Thar nys noht bote hit love be.

Jesu my God, Jesu my kyng,
Thou ne askesd me non other thing
Bote trewe love ant eke servyng
Ant love-teres with suete mournyng.

Jesu my lyf, Jesu my lyht,
Ich love the, ant that is ryht;
Do me love the with al mi myht,
Ant for the mournen day ant nyht.

Jesu, do me so serven the
That ever mi thoht upon the be;
With thine suete eyen loke towart me,
Ant myldeliche myne, Y preie, al that thou se.     

Jesu, thi love be al my thoht,
Of other thing ne recche Y noht.
Y yyrne to have thi wille ywroht,
For thou me havest wel deore yboht.

Jesu, thah Ich sunful be,
Wel longe thou havest yspared me;
The more oh Ich to lovie the
That thou me havest ben so fre.

. . . . . . . . . . . . . . . . . . . . . . . . . .
. . . . . . . . . . . . . . . . . . . . . . . . . .
Thy bac of thornes, thy nayles thre,
The sharpe spere that thourh-stong the.

Jesu, of love-soth tocknynge:
Thin armes spredeth to mankynde,
Thin heued doun-boweth to suete cussinge,
Thin side al openeth to love-longynge.

Jesu, when Ich thenke on the,
Ant loke upon the rode-tre,
Thi suete body totoren Y se;
Hit maketh heorte to smerte me.

Jesu, the quene that by the stod,
Of love-teres heo weop a flod;
Thin woundes ant thin holy blod
Made hire huerte of dreori mod.

Jesu, suete love the dude gretyn;
Love the made blod to sueten;
For love thou were sore ybeten;
Love the dude thi lyf to leten.

Jesu, fyf woundes Ich fynde in the;
Thy love-sprenges tacheth me;
Of blod ant water the stremes be,
Us to whosshe from oure fon thre.

Jesu, my saule drah the to,
Min heorte opene ant wyde undo,
This hure of love, to drynke so
That fleysshliche lust be al fordo.

Jesu Crist, do me love the so
That, wher Y be ant what so Y do,
Lyf ne deth, weole ne wo,
Ne do myn huerte the turne fro.

Marie, suete mayde fre,
For Jesu Crist, byseche Y the:
Thi suete sone do lovie me,
Ant make me worthi that Y so be.

Jesu, do me that, for thi name,
Me liketh to dreye pyne ant shame,
That is thy soule note ant frame,
Ant make myn herte milde ant tame.

Jesu, al that is fayr to se,
Al that to fleyhs mai likyng be,
Al worldes blisse to leten me —
Graunte for the love of the.

Jesu, in the be al my thoht —
Al other blisse ne recch Y noht —
When Ich of the mai felen oht,
Thenne is my soule wel ywroht.

Jesu, yef thou forletest me,
What may mi likyng of that Y se?
Mai no god blisse with me be —
O, that thou come ageyn to me!

Jesu, yef thou bist yeorne bysoht —
When thou comest, ant elles noht —
No fleishliche lust ne wicked thoht
Into myn heorte ne be ybroht.

Jesu, mi soule is spoused to the;
Ofte Ych habbe misdon ageynes the;
Jesu, thi merci is wel fre.
“Jesu, merci!” Y crie to the.

Jesu, with herte thi love Y crave;
Hit bihoveth nede that ich hit have.
The deu of grace upon me lave,
Ant from alle harme thou me save.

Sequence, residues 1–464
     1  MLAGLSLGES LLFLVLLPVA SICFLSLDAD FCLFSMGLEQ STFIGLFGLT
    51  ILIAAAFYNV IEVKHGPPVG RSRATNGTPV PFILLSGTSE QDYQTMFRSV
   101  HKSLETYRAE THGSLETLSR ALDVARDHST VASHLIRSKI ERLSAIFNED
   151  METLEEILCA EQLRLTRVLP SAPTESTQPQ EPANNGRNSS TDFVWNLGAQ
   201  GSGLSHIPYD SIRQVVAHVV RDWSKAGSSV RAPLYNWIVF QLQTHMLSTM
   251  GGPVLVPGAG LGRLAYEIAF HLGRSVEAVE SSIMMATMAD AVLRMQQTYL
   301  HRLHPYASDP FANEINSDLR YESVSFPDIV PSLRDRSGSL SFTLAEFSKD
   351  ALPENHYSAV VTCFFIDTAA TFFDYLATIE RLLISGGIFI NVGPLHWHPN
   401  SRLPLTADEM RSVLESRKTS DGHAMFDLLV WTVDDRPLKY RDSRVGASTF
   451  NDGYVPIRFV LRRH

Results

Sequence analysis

Jesu, from me be al that thyng
That the may be to mislikyng;
Al that is nede thou me bryng;
To have thi love is my yyrnyng.

Jesu mi lif, of milde mod,
Mi soule hath gret neode of thi god;
Tak hire, treufole ant tholemod,
Ant ful hire of thi love-blod.

Jesu my soule, bidde Y the,
Everemore wel us be;
Jesu, almyhtful hevene kyng,
Thi love is a wel derne thing.

Jesu, wel mai myn herte se
That milde ant meoke he mot be;
Alle unthewes ant lustes fle
That felen wole the blisse of the.

Jesu, thah Ich be unworthi
To love the, Louerd almyhti,
Thi love me maketh to ben hardy,
Ant don me al in thin merci.

Jesu, thi mildenesse froreth me,
For no mon mai so sunful be,
Yef he let sunne ant to the fle,
That ne fynd socour at the.

For sunful folk, suete Jesus,
Thou lihtest from the heye hous;
Pore ant loye thou were for ous;
Thin heorte love thou sendest ous.

Jesu, forthi byseche Y the,
Thi suete love thou graunte me;
That ich thareto worthi be,
Make me worthi, that art so fre.

Jesu, thou art so god a mon!
Thi love Y yyrne al so Y con.
Tharefore ne lette me no mon,
Thah Ich for love be blac ant won.

Jesu al suete, Jesu al god,
Thi love drynketh myn heorte blod;
Thi love me maketh so swythe wod,
That Y ne drede for no flod.

Jesu, thi love is suete ant strong;
Mi lif is al on the ylong.
Tech me, Jesu, thi love song
With suete teres ever among.

Jesu, do me to serven the
Wher in londe so Y be;
When Ich the fynde, wel is me,
Yef thou ne woldest awey fle.

Jesu, yef thou be from me go,
Mi soule is fol of serewe ant wo.
Whet may I sugge bote “wolawo”
When mi lif is me atgo?

Jesu, thin ore! Thou rewe of me!
For whenne shal Ich come to the?
Jesu, thi lore biddeth me
With al myn herte lovie the.

Jesu mi lif, Jesu my kyng,
My soule haveth to the yyrnyng;
When thi wille is to the hire bryng,
Thou art suetest of alle thyng.

Jesu, that deore bohtest me,
Make me worthi come to the;
Alle mi sunnes foryef thou me,
That Ich with blisse the mowe se.

Jesu so feir, Jesu so briht,
That I biseche with al my myht,
Bring mi soule into the lyht,
Ther is day withoute nyht.

Jesu, thin help at myn endyng,
Ant ine that dredful outwendyng,
Send mi soule god weryyng,
That Y ne drede non eovel thing.

Jesu, thi grace that is so fre,
In siker hope do thou me
Atscapen peyne ant come to the,
To the blisse that ay shal be!

Jesu, Jesu, ful wel ben he
That yne thi blisse mowen be,
Ant fulliche habbe the love of the!
Suete Jesu, thou graunte hit me!

Jesu, thi love haveth non endyng;
Ther nis no serewe ne no wepyng,
Bote joie ant blisse ant lykyng!
Suete Jesu, thareto us bryng!
¶ Jesus, sweet is the love of you.
Nothing so sweet may be:
All who may with eyes see
Have no sweetness beside you!

Jesus, nothing may be sweeter,
Or nothing on earth more blissful,
Nothing may be felt more sensuous
Than you, so sweet a lover.

Jesus, your love for us was so gracious
That we drew you from heaven;
For love you dearly purchased me,
For love you hung on rood-tree.

Jesus, for love you suffered wrong,
Grievous wounds and hard pain;
To reckon your pains would be long,
None may tell them by story or song.

Jesus, for love you suffered agony,
Bloody streams flowed from you,
Until your body was black and pale;
For our sins it was so.

Jesus, for love you climbed on rood,
For love you gave your heart’s blood;
You made love our souls’ food;